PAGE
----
Australians buy an average of 27 kilograms worth of new clothing and textiles each year, two-thirds of which are made from manmade fibres derived from petroleum according to sustainability consultant Jane Milburn.
Ms Milburn said Australians are the second-largest consumers* of new textiles after north Americans who annually buy 37kg each, and ahead of Western Europeans at 22kg while consumption in Africa, the Middle East and India averages just 5 kg per person.
“There’s been a transformational shift in the way we source, use and discard our clothing which has major social and environmental implications. Fast fashion produced from global supply chains is driving excessive purchasing of affordable new clothing often discarded after a few wears,” she said.
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Deborah Palmer believed the 50th anniversary year of the Battle of Long Tan was an appropriate time to move along the regulation shirt and jacket her father Damien Gainer wore in Vietnam during service to Australia.
Helen Gainer wears the especially meaningful garments upcycled by her daughter Deborah Palmer.
The serviceman’s uniform had been retained unworn through the intervening years and after Mr Gainer passed away two years ago, their only purpose was in holding memories of what had been.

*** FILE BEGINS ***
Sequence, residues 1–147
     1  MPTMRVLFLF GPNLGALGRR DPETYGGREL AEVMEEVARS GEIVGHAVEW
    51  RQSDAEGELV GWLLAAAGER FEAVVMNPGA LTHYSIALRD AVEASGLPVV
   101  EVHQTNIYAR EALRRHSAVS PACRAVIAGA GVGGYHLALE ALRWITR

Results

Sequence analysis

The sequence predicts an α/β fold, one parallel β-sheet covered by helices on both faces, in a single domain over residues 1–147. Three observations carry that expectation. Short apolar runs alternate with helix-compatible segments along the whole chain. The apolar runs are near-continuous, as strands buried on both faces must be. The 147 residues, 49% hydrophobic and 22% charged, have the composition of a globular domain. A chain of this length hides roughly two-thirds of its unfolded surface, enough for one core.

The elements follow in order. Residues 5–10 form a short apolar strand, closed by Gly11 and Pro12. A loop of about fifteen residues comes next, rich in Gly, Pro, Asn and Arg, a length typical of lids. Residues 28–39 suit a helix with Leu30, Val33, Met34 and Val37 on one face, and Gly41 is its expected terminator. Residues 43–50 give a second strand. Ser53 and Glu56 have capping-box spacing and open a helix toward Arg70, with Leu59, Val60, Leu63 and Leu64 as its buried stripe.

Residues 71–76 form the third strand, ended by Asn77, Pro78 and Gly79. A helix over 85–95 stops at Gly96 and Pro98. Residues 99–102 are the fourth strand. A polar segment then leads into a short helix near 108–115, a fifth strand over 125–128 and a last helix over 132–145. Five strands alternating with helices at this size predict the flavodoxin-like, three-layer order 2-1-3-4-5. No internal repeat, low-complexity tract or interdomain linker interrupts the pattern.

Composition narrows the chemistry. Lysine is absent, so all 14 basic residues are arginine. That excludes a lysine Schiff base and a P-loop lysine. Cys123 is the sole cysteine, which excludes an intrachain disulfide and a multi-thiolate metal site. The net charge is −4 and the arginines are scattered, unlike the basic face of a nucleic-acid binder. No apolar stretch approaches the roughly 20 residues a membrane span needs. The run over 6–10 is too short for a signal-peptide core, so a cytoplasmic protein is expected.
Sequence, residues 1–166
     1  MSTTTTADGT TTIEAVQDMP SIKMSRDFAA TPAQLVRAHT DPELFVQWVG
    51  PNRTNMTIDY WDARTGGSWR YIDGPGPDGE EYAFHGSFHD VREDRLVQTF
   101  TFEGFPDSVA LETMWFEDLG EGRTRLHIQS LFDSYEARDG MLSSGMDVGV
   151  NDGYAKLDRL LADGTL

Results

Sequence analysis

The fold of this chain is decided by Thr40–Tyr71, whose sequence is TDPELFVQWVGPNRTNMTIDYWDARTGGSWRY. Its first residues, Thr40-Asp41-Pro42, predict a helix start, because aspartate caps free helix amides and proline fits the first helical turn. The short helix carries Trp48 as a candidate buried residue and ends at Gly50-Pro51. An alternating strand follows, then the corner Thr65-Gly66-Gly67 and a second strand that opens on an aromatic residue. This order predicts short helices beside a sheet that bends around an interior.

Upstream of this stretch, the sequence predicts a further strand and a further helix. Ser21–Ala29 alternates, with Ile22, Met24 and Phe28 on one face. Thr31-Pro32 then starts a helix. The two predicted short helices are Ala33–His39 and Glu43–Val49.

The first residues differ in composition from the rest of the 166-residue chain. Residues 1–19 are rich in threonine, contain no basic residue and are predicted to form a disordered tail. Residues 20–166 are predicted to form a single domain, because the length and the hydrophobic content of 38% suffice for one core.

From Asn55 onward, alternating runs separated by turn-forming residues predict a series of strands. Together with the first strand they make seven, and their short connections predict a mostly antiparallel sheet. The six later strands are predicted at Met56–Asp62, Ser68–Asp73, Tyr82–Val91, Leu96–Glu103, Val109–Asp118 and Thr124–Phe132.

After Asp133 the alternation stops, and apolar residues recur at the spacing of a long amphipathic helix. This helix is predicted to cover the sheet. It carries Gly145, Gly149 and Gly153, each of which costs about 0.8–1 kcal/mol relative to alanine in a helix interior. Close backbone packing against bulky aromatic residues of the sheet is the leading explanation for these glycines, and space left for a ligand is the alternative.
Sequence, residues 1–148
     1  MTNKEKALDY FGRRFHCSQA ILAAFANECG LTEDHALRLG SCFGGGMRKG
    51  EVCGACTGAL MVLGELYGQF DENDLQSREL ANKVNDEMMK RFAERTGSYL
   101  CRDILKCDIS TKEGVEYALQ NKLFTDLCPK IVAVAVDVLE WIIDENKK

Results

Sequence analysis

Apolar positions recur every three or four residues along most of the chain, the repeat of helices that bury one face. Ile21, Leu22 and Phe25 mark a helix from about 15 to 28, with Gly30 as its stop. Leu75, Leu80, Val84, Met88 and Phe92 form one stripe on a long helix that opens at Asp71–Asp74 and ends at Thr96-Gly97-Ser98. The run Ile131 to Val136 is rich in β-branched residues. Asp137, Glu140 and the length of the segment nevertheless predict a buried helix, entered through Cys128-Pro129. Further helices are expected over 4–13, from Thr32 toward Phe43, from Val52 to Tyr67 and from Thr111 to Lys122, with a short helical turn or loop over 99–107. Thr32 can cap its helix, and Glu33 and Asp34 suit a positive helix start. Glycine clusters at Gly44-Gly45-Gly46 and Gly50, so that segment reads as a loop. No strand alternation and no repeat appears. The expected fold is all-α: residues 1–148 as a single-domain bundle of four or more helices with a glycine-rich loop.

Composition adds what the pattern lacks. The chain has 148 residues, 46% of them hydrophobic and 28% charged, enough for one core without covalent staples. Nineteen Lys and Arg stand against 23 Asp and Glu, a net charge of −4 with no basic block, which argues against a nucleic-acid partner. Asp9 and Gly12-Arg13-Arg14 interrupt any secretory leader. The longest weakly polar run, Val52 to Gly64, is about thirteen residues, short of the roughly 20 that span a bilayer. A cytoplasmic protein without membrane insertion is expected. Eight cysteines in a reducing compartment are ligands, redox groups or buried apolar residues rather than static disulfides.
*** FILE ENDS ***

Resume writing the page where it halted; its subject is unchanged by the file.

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Dressing is an everyday action that defines us. Clothes envelop our body to provide protection and privacy. They do for us on the outside what food does on the inside—nourish, warm, engage body and soul. Preferred garments vary with our age, stage, work and wallet—they impact how we feel and how we present to the world.
Clothing changes over time as new designs, techniques and materials become available. We expect a modicum of change in the product itself: that is fashion. Yet in recent decades, the transformational shift in the process of sourcing and shedding clothing has brought changes to substance as well as style.
Most clothing is now made in factories in developing nations where supply chain transparency is limited and workers can be exploited. Fast, cheap food influenced dining in the same way that fast, cheap fashion has changed dressing. As there is rising interest in home cooking and food growing for health and wellbeing, there are pressing ethical and ecological reasons for rethinking our approach to textiles and fashion. It is time to look more closely at where our clothes are coming from, question why they are so cheap, and consider what actions we can take to dress with good conscience. Read more in the Journal of the Home Economics Institute of Australia Journal Vol. 22, No. 1, 2015 Milburn, Jane FINAL Making a material difference